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John Proctor, founder of iHR Solutions (LUTHER CAVERLY FOR THE GLOBE AND MAIL)
John Proctor, founder of iHR Solutions (LUTHER CAVERLY FOR THE GLOBE AND MAIL)


For ex-soldiers turned consultants, a different kind of risky business Add to ...

John Proctor had just finished the first part of his lecture when a familiar thump shook the Canadian embassy in Afghanistan.

“Everyone knows what it is,” Mr. Proctor recalled.

A car bomb had gone off and hit an American convoy on the route the former soldier had just travelled in an armoured sports utility vehicle. It was 2009 and Mr. Proctor had come from Ottawa to give survival tips to a room full of diplomats in Kabul.

Without missing a beat, he made the explosion part of the presentation.

The envoys, many of them young bureaucrats on their first overseas assignments, had plenty of in-house security - but this lesson was about what to do should they ever be captured outside the wire.

“We explained that a car bomb is often just a precursor to something else,” he says. “Once the bomb goes off, everyone just leaps out of their cars - you're vulnerable now. It doesn't mean there aren't other people out there who aren't going to grab you.”

Potential threats occur on the streets of Kabul about as often, and as quickly, as Mr. Proctor can come up with ways to mitigate them. He served 20 years in the British and Canadian military, devoting much of that time to imagining worst-case scenarios for top brass and senior bureaucrats. Though he's no longer a soldier, Mr. Proctor is still doing it today.

Last year, the 44-year-old father of two started his own security consultancy, which brings a different set of risks than the ones he faced in the field. Integrated Human Risk Solutions ( iHR Solutions) helps companies prepare their employees to work in an increasingly volatile and dangerous world.

Headquartered in Ottawa, iHR's six-person team complements Mr. Proctor's military expertise with business knowledge, selling lessons in how to deal with overseas crises to clients with employees all over the world.

He won't disclose financials, but he says the consultancy is breaking even and poised to grow after only a year in business.

As Mr. Proctor points out, it's not only concern for the well-being of their employees that motivates companies to seek his services - legal liabilities and insurance premiums skyrocket when workers are sent overseas without adequate training.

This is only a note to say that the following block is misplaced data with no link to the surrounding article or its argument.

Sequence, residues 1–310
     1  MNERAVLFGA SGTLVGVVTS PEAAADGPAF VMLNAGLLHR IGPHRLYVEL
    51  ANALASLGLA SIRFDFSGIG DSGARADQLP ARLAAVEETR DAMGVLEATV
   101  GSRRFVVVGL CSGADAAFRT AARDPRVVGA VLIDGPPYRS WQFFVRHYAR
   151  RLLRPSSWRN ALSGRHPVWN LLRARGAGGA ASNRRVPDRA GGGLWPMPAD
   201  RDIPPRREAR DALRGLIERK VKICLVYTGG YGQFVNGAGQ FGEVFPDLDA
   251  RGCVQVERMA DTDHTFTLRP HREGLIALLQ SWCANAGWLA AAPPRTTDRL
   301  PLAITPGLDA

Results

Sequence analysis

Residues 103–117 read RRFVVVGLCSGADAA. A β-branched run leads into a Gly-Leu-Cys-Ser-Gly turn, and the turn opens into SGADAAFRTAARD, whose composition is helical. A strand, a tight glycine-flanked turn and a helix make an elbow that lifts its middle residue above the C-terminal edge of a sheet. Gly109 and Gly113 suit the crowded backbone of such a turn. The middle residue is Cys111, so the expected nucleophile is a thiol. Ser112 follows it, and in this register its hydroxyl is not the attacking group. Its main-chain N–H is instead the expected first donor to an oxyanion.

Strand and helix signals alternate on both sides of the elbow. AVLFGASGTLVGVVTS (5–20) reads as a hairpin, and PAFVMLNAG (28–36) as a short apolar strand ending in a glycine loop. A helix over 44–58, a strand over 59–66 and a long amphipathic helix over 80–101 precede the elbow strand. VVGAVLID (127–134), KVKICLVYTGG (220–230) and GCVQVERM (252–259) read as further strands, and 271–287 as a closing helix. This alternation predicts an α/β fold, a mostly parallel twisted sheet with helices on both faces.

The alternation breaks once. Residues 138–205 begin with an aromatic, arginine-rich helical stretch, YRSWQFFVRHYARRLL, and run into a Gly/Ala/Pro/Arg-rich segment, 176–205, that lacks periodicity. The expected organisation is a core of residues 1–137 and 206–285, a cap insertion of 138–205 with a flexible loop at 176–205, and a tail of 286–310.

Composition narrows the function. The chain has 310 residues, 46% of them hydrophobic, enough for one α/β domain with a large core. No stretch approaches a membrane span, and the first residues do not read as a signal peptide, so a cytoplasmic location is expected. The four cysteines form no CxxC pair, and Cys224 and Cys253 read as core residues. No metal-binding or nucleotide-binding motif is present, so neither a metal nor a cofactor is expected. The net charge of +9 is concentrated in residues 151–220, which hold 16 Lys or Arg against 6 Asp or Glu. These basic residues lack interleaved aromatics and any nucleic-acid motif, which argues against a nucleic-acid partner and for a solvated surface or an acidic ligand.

You need only to look at recent headlines to see how fast the situation on the ground can change in a hot zone, he says. With relatively little warning, for example, the revolution in Libya prompted Ottawa to evacuate hundreds of Canadian workers from the country, though many decided not to wait and fled on their own.

“The markets opened up,” Mr. Proctor says. “Suddenly people are interested in having training [for a situation]that goes beyond what they thought it would.”

Former soldiers have always traded on their expertise to sell safety where anarchy reigns. But even the most battle-hardened commandos are humbled by the challenges of starting a company.

Running a small business is not for the faint of heart. Security is a crowded, competitive field that forces ex-soldiers to navigate market niches with an agility that wasn't often needed in the bureaucratic leviathans from which they hail.

Trying to find ways to stand out from the competition can seem counterintuitive, given that their past bosses prided themselves on stamping out individualism.

And how do you market yourself when, in many cases, discretion is a necessity? To say nothing about acquiring a new set of business skills and jargon.

Clients can be more demanding than drill sergeants, a realization that doesn't come easily.

“'So you can jump out of an airplane at 40,000 feet. So you can kill people with six different weapons and blah, blah, blah. ...I'm a mining CEO. What are you going to do for me?'“ says Alan Bell, a British special-forces soldier turned entrepreneur, mimicking the typically skeptical reaction he's had from clients that he eventually won over.

Mr. Bell says his line of work is nothing like serving in an army. He recalls being on the ground in Afghanistan recently, working with local security forces to safeguard infrastructure-construction projects.

“You're on your own,” Mr. Bell says, bluntly describing the difference between military and private work. “If you haven't brought all the ammunition you need to fight your way out of a situation, you're going to die. And because you are dead, your company is going to crash and burn.”

An established player who's now something of an industry in his own right, Mr. Bell has spent the past 20 years building his brand, Toronto-based Globe Risk Management, after first cutting his teeth with another security contractor.

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